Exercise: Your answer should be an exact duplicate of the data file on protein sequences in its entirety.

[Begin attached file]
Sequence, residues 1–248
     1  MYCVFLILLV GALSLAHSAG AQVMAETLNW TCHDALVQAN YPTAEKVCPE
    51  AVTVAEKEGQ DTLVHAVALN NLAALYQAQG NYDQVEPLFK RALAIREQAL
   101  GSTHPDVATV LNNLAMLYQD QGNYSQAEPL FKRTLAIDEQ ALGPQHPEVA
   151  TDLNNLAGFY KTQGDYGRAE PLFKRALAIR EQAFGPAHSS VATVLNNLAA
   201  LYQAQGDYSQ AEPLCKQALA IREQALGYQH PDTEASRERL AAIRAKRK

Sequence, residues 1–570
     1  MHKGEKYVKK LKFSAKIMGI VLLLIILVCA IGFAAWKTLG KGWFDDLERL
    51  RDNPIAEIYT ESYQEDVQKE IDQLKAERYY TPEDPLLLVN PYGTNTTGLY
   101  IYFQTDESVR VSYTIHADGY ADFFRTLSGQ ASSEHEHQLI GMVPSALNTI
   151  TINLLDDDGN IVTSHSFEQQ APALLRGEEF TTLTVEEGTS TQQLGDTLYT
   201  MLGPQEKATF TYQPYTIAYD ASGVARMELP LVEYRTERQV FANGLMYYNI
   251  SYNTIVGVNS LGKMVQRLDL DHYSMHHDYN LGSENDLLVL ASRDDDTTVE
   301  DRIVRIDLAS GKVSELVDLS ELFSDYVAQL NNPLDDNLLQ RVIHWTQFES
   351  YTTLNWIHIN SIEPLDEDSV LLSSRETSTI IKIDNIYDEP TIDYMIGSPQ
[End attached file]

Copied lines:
Sequence, residues 1–248
     1  MYCVFLILLV GALSLAHSAG AQVMAETLNW TCHDALVQAN YPTAEKVCPE
    51  AVTVAEKEGQ DTLVHAVALN NLAALYQAQG NYDQVEPLFK RALAIREQAL
   101  GSTHPDVATV LNNLAMLYQD QGNYSQAEPL FKRTLAIDEQ ALGPQHPEVA
   151  TDLNNLAGFY KTQGDYGRAE PLFKRALAIR EQAFGPAHSS VATVLNNLAA
   201  LYQAQGDYSQ AEPLCKQALA IREQALGYQH PDTEASRERL AAIRAKRK

Sequence, residues 1–570
     1  MHKGEKYVKK LKFSAKIMGI VLLLIILVCA IGFAAWKTLG KGWFDDLERL
    51  RDNPIAEIYT ESYQEDVQKE IDQLKAERYY TPEDPLLLVN PYGTNTTGLY
   101  IYFQTDESVR VSYTIHADGY ADFFRTLSGQ ASSEHEHQLI GMVPSALNTI
   151  TINLLDDDGN IVTSHSFEQQ APALLRGEEF TTLTVEEGTS TQQLGDTLYT
   201  MLGPQEKATF TYQPYTIAYD ASGVARMELP LVEYRTERQV FANGLMYYNI
   251  SYNTIVGVNS LGKMVQRLDL DHYSMHHDYN LGSENDLLVL ASRDDDTTVE
   301  DRIVRIDLAS GKVSELVDLS ELFSDYVAQL NNPLDDNLLQ RVIHWTQFES
   351  YTTLNWIHIN SIEPLDEDSV LLSSRETSTI IKIDNIYDEP TIDYMIGSPQ